As I arrived at the boat ramp, I noted that it was unpaved. I swung a u turn on the paved part of the road to avoid adding a layer of dust to Elvis. The parking area was full. As I turned to exit the area I drove past the young boy a second time. He glanced up at me but did not wave again. Having been caught off guard the first time, I nodded and waved as I drove past him.

Standing between Melrose and Dillon is 40 miles of road. On a motorcycle, there is just you and your thoughts. That's why I love to ride.

When was the last time that I was anywhere, where a young boy or girl was not completely distracted with some electronic gadget? What kid makes the effort to smile and wave at a stranger? When was the last time some strange kid smiled and waved at you? Who does that anymore?

That kid in Melrose does.

I went to Melrose thinking that I must have been there before. Truth is, I have absolutely no memory of the place. But I remember that kid. I remember being polite to people. I remember acknowledging someone else's presence and making the little effort that is required to smile and wave at someone. I quit doing that and I can't tell you why. The world was a kinder, gentler place back then and I miss it. The Montana of my youth might still be alive in places like Melrose. Wouldn't that be cool?

I hope that kid caught a few fish last Sunday. Maybe even a big lunker.

As many of you know, you can edit and write entries on Wikipedia. While working on this piece, I searched and found the Melrose, Montana link. You can tell that someone with a great fondness for Melrose landed here. Only a resident or local historian could have written this and I loved it. It's a little campy. Who names their daughter, Melrose? If you've got a minute or two. http://en.wikipedia.org/wiki/Melrose,_Montana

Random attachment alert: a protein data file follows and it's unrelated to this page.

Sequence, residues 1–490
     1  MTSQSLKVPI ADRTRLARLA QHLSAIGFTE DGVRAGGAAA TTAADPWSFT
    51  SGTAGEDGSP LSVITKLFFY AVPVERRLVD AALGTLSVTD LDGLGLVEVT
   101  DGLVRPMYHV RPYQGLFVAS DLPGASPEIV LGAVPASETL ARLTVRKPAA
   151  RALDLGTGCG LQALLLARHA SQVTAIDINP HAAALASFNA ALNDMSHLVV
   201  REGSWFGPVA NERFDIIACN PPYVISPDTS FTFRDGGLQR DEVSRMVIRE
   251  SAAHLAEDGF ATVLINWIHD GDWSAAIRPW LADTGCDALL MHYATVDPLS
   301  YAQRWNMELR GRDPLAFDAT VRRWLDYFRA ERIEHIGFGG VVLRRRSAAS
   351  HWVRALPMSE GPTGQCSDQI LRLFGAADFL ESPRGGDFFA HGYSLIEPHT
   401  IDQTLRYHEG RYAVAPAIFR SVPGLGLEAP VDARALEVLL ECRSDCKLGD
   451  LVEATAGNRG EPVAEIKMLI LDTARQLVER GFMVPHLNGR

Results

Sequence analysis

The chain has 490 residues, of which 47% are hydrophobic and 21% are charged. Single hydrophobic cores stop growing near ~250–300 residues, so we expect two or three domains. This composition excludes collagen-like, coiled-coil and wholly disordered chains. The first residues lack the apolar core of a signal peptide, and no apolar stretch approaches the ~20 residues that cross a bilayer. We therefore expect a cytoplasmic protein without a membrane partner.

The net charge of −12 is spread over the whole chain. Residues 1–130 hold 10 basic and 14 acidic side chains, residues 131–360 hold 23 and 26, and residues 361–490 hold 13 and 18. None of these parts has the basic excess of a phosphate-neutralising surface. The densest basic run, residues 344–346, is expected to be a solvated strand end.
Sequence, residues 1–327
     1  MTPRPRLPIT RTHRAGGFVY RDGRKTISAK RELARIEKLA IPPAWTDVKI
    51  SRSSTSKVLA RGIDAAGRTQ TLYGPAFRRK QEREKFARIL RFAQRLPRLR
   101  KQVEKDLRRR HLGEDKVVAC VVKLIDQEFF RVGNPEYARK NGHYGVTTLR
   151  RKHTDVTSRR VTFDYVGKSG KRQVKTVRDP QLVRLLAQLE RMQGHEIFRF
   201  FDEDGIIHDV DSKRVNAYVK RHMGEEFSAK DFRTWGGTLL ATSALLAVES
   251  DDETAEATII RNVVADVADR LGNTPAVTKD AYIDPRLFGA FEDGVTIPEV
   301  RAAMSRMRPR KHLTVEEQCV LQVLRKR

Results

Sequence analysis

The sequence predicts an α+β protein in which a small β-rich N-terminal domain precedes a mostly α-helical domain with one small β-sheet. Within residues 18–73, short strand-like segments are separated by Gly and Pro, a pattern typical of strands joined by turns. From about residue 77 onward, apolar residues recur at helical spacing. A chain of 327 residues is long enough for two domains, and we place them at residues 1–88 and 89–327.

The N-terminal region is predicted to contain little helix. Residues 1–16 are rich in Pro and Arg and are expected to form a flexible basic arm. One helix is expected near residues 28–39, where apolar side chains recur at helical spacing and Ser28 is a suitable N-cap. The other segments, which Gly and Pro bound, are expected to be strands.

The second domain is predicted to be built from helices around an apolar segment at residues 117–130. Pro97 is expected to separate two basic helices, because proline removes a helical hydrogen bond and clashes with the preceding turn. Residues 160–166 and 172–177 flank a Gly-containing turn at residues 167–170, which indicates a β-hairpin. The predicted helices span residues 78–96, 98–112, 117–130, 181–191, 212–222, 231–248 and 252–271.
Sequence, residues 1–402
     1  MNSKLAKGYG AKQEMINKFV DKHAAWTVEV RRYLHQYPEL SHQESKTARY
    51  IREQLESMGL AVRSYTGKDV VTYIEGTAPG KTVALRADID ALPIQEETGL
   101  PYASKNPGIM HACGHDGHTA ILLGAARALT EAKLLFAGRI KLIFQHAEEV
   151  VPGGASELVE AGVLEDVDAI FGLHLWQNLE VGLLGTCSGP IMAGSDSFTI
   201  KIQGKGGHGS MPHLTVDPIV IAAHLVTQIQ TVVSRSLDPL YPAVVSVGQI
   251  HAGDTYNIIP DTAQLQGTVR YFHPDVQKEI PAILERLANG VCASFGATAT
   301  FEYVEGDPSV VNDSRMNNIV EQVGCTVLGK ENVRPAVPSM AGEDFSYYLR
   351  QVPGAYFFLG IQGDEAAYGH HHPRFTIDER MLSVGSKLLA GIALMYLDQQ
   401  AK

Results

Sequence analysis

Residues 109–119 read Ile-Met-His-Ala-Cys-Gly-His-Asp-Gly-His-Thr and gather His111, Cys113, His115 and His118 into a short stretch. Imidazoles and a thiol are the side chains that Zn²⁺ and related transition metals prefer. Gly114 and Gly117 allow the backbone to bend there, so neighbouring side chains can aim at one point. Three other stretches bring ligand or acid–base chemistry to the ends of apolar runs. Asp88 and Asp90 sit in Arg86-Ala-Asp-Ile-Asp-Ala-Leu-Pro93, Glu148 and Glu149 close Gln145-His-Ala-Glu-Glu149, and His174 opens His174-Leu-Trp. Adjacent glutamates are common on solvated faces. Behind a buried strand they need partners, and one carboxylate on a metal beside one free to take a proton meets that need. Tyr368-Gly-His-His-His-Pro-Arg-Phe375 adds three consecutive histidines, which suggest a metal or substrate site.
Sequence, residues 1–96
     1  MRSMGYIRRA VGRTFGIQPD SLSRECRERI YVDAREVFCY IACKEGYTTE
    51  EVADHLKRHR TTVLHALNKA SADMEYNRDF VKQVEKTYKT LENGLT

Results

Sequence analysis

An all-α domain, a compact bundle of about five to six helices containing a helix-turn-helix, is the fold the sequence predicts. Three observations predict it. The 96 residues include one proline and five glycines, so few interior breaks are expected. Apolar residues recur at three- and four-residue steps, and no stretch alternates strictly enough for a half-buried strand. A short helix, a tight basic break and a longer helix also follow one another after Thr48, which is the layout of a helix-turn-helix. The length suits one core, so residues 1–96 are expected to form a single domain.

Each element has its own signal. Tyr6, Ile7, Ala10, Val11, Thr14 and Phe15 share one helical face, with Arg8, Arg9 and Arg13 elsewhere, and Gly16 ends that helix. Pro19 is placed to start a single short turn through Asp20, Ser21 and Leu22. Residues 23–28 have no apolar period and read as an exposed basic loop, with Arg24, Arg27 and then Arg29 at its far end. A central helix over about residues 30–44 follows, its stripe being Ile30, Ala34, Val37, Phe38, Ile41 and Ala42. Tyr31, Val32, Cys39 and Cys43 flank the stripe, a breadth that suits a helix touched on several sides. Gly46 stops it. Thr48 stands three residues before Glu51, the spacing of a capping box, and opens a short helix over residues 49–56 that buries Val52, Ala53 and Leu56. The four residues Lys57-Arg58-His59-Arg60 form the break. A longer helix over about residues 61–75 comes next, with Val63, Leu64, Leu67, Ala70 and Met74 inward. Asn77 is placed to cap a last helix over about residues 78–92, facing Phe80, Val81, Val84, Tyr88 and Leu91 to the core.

6 comments:

Anonymous said...

I make an effort to say hello when I make eye contact. I was taught that by my parents. In my 30's I lost the habit only to regain it when I moved south. Back here in the north the last 20 years I make it a point to wave at 4 way stops, nod hello in the market, funny how people really try to avoid eye contact.

Brian said...

I think I've spent too much time in the city. All I see is kids on phones and you'd think it was a sin to make any eye contact at all. That was a real Opie Taylor moment in Melrose and I suppose it reminded me of an innocent time when kids actually trusted strangers.

Anonymous said...

I blame the parents. I grew up with "never talk to strangers" that did not mean ignore strangers. Parents are too "busy" to coach and foster their kids. Just parents with wacked priorities in my opinion.

republicanmother said...

We wave to everybody in my subdivision. In the car, a one-two finger salute from the steering wheel is appropriate. I get real nervous when someone doesn't wave back.
However, I've noticed in the waiting room, or even at church sometimes, people seem unable to communicate.

Brian said...

Hi RM. I got to wander over to your site- I miss you.

Brian said...

My folks both grew up in the country and waved at everyone. So you are probably right. In Boise- nobody waves.